John Portnoy has been a staff Ecologist with the Cape Cod National Seashore for nearly 30 years. While John has worked on a myriad of topics in the fields of aquatic biology and biogeochemistry, much of his time and energy has focused on tidal marshes. More specifically, John has led the effort to restore three large salt marsh ecosystems severely degraded by the restricted tidal exchange from roads and dike structures. Two of these systems are now in the process of restoring, while the third is awaiting agreement on details of a formal plan. The latter is a 1,100-acre river and floodplain known as the Herring River. The beginning of its restoration represents the culmination of years of scientific research backed up by an unwavering commitment to the cause.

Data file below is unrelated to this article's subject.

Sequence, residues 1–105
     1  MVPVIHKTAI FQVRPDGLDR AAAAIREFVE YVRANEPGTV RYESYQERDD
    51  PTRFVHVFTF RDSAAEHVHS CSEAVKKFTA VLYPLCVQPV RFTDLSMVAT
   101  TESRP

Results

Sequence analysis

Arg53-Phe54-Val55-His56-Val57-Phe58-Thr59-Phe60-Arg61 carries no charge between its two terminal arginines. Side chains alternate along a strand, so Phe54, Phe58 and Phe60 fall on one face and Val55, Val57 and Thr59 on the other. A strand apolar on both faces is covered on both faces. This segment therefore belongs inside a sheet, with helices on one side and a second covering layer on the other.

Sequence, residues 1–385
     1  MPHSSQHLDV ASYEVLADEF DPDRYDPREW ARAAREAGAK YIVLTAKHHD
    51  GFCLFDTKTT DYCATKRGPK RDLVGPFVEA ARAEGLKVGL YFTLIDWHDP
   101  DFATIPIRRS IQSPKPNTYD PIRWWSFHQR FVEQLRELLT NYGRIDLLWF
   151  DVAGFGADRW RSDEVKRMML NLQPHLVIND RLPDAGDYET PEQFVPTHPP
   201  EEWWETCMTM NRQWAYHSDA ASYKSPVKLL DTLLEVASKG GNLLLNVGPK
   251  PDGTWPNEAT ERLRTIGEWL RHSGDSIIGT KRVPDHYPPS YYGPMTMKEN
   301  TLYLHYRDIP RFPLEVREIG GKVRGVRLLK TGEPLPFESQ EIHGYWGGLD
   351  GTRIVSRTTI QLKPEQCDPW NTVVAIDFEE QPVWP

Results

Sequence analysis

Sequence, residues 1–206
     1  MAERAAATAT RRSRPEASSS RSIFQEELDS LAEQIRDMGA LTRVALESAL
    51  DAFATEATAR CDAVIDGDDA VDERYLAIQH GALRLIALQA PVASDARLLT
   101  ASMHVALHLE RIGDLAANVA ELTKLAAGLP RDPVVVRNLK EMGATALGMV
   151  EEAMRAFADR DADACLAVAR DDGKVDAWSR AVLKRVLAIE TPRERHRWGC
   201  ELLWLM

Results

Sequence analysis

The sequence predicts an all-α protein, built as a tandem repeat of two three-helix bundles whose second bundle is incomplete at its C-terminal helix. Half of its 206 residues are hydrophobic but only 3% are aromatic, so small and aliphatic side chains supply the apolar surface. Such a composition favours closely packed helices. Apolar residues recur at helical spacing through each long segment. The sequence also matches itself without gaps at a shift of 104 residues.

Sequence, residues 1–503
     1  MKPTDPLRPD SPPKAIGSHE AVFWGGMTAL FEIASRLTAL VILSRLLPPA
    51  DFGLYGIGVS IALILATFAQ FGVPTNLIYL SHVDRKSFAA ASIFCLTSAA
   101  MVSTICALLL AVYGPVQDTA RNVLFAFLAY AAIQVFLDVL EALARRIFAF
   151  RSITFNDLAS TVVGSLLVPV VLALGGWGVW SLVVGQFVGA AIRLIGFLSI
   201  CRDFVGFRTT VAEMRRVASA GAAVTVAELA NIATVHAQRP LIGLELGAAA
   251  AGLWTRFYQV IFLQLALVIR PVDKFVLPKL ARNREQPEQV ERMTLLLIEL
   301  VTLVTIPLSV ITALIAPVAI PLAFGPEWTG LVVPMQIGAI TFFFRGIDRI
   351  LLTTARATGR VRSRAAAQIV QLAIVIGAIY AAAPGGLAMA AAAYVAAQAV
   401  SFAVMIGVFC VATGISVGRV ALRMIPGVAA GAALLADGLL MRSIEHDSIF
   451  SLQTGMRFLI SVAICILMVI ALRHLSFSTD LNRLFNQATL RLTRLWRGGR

Over the past 20+ years, John Portnoy has worked tirelessly to restore the Herring River. Although most of this highly degraded marshland is within the Seashore boundary, the structure that impedes seawater exchange (an earthen dike with three gated culverts) at the mouth of the river lies within the town of Wellfleet and is controlled by the State. The impacts of almost 100 years of tidal restriction are extensive. John has published numerous reports and articles describing impacts to the ecosystem and possible restoration strategies (see publication list). In 1997, he authored a seminal document entitled Wellfleet's Herring River: the case for habitat restoration. In this paper, published in the scientific journal Environment Cape Cod, John discusses in detail how human alterations have resulted in numerous ecological problems and how restoration would reduce or reverse the damage. This manuscript synthesized many years of previous studies conducted by John and other scientists and it very skillfully argues for action to remedy the situation. A few years later, John coordinated the development of a hydrological model of the system under current and restored conditions. This model played a critical role in educating local stakeholders about the ecological and economic benefits of returning salt water flow.